"You're not alone."
Blaine blinked. He looked at Sam, looked at him, and felt some of his equilibrium return. Sure, he hadn't looked for him as a vice presidential candidate - hell, if he had had his pick, then he probably would have picked Marley or someone with at least rudimentary debate skills - but he had pulled through when it counted and if ripping one's shirt off in public did the trick, why the hell not. If it could make him feel even a breath less like he was suffocating, then Blaine would have gladly strutted nude across the stage. Still, the act of camaraderie - idiotically misplaced in a serious political debate but delightfully spontaneous in a high school environment - had touched him. And seeing Sam now grounded him.
The suffocating wasn't real. The drowning wasn't real. None of that was real.
Kurt was gone, but he wasn't gone. He was still within reach. Blaine just . . . had to be patient.
Had to live without his presence.
"Are you gonna be okay?" Sam asked softly, clearly at the end of his spiel, extending a hand to grip Blaine's shoulder once reassuringly. He nodded unthinkingly, pulling away so he could stand up and smile and accept a hug, blinking back the wetness in his eyes.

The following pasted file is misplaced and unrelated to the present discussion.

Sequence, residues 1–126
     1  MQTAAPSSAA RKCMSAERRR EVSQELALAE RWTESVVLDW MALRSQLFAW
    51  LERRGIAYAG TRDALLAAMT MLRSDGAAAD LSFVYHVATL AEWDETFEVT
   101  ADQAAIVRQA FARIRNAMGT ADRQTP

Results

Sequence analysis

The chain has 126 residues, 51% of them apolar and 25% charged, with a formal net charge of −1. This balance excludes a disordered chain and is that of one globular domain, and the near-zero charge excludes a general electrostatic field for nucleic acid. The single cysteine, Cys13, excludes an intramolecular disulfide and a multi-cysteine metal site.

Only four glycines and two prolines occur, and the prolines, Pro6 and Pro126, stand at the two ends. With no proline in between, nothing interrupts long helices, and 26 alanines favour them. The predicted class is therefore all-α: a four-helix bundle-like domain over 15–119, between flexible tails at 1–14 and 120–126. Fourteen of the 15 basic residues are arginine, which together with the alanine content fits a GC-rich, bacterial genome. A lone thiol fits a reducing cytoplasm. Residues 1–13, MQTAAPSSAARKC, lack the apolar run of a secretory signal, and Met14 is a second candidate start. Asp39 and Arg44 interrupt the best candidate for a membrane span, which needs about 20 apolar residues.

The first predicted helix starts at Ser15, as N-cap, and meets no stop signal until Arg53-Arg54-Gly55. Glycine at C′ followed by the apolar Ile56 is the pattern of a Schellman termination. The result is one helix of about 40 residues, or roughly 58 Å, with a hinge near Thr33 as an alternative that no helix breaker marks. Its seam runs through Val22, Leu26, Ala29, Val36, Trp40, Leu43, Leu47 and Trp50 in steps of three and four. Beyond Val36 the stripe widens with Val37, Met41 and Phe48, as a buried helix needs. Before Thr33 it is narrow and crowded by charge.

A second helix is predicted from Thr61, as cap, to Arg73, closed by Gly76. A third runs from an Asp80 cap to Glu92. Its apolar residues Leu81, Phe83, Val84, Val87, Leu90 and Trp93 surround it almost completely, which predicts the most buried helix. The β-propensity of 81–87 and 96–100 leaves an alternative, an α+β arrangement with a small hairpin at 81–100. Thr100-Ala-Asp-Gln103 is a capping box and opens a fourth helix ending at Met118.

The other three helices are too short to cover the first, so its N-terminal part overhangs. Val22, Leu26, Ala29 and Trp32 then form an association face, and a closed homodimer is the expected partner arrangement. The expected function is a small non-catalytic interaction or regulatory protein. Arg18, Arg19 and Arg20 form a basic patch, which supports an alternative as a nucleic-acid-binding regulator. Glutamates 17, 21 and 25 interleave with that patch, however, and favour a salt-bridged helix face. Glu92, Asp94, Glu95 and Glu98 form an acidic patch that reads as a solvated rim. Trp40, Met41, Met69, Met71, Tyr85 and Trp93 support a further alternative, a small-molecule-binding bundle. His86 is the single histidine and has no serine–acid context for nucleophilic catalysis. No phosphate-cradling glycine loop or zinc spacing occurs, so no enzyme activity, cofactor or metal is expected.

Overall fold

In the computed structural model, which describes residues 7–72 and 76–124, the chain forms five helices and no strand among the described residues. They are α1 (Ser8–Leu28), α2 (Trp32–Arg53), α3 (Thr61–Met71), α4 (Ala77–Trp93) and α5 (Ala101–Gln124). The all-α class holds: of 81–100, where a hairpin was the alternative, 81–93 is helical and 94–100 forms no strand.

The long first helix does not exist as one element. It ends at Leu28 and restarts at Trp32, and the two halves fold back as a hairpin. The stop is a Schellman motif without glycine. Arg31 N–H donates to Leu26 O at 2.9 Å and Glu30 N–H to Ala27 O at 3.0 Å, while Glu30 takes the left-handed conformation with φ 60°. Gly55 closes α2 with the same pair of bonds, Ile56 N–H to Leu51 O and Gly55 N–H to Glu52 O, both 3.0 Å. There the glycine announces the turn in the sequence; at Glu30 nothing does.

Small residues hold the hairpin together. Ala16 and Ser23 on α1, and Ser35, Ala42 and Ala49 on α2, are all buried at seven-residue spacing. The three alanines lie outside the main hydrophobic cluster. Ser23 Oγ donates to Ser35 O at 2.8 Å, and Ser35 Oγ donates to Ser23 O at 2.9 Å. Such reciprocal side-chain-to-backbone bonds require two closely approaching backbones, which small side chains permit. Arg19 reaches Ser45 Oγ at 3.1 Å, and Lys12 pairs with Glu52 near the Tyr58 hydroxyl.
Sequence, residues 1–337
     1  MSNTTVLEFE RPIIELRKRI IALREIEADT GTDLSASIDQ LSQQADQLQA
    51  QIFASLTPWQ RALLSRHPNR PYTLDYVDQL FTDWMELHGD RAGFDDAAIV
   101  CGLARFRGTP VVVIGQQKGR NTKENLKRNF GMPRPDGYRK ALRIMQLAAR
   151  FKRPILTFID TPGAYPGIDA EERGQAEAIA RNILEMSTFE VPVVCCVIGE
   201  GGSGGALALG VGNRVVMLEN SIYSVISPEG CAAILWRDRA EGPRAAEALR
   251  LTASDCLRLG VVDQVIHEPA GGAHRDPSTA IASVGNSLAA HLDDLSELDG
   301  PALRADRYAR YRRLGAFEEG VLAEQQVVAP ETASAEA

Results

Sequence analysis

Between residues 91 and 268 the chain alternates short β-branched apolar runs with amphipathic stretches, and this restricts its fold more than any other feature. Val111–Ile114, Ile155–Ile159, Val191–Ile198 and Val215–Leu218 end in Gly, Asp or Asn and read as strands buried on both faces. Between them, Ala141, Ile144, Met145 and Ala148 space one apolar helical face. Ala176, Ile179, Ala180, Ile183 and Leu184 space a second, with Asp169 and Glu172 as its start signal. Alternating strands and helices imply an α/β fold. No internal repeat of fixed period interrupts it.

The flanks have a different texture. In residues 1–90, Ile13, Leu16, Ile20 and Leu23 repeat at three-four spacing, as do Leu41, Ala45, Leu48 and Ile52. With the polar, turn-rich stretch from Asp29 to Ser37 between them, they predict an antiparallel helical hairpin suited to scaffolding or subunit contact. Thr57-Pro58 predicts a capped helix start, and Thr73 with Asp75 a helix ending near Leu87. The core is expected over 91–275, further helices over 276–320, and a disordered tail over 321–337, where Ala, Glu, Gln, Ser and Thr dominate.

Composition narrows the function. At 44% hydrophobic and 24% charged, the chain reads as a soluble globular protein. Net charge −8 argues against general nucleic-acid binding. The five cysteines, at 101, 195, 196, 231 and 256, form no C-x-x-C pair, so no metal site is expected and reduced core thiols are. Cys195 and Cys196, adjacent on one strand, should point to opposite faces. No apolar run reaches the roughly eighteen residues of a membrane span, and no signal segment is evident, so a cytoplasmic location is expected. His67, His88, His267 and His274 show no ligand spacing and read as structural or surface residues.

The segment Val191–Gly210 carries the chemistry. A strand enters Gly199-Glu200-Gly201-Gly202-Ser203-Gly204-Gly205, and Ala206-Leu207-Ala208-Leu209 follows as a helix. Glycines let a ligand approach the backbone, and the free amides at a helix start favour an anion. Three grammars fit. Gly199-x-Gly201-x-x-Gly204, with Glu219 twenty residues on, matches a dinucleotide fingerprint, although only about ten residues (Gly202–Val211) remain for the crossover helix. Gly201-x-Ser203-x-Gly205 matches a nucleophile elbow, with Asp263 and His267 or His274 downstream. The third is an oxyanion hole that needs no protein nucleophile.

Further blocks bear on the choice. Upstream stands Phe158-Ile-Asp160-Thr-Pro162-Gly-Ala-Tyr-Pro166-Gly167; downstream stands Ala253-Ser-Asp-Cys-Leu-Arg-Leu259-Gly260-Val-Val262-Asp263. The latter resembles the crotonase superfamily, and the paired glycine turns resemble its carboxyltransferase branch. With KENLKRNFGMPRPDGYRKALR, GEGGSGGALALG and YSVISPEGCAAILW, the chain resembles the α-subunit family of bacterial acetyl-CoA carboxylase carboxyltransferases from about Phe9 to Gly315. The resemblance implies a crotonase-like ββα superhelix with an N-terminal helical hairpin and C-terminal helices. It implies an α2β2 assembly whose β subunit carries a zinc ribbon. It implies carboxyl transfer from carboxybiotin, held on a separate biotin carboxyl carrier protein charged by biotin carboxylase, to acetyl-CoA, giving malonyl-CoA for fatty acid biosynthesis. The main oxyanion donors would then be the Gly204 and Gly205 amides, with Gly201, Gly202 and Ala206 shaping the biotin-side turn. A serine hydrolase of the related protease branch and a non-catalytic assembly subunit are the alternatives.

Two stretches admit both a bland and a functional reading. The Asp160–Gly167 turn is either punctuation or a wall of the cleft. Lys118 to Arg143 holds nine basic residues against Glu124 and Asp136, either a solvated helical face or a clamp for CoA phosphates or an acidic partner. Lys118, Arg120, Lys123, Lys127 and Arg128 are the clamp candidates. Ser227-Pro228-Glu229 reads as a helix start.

"I'm gonna be fine," he assured.
He'll call back.
He's probably busy.
He has things to do now.
Things you're not a part of.
Things you may never be a part of.
Blaine made it to the outer door of the Breadstix before sinking to his knees against the wall, head in his hands.
He didn't feel very presidential or in charge or in control.
I have to do something.
He pushed himself up from the pavement, willing himself not to be seen as he darted back out to his car.
I have to do something.
He punched in Kurt's number again silently as he leaned against the hood of his Jeep, and waited.
Ten seconds passed.
Blaine closed his eyes and stuffed his phone back into his pocket with trembling fingers.
Kurt Hummel cannot be reached at this time, please leave a message after the tone.
Author's Notes: This episode. Ripped. My. Heart. Out.
God help us all when The Break Up comes.
More to come soon. Editing, too.
This is just raw Blaine feelings right here.
Disclaimer: I don't blame Kurt for what he did during the episode.
Allow me to reiterate: I don't blame Kurt for not picking up Blaine's phone call. I don't blame Kurt for not focusing on Blaine during the Skype calls. I don't blame Kurt for being a little selfish about his own future.
I wrote this one-shot from Blaine's perspective, so it will lean towards his bias, but I understand that there are two sides to this story. I present to you here only a small, fractured portion of one side. Make of it what you will, but I hope that I'm not giving a false impression that I personally dislike Kurt and/or think he deserves what's coming. I want the best for both of them, and I hope with this to emphasize that change in Kurt and Blaine's relationship needs to occur before there can be true resolution.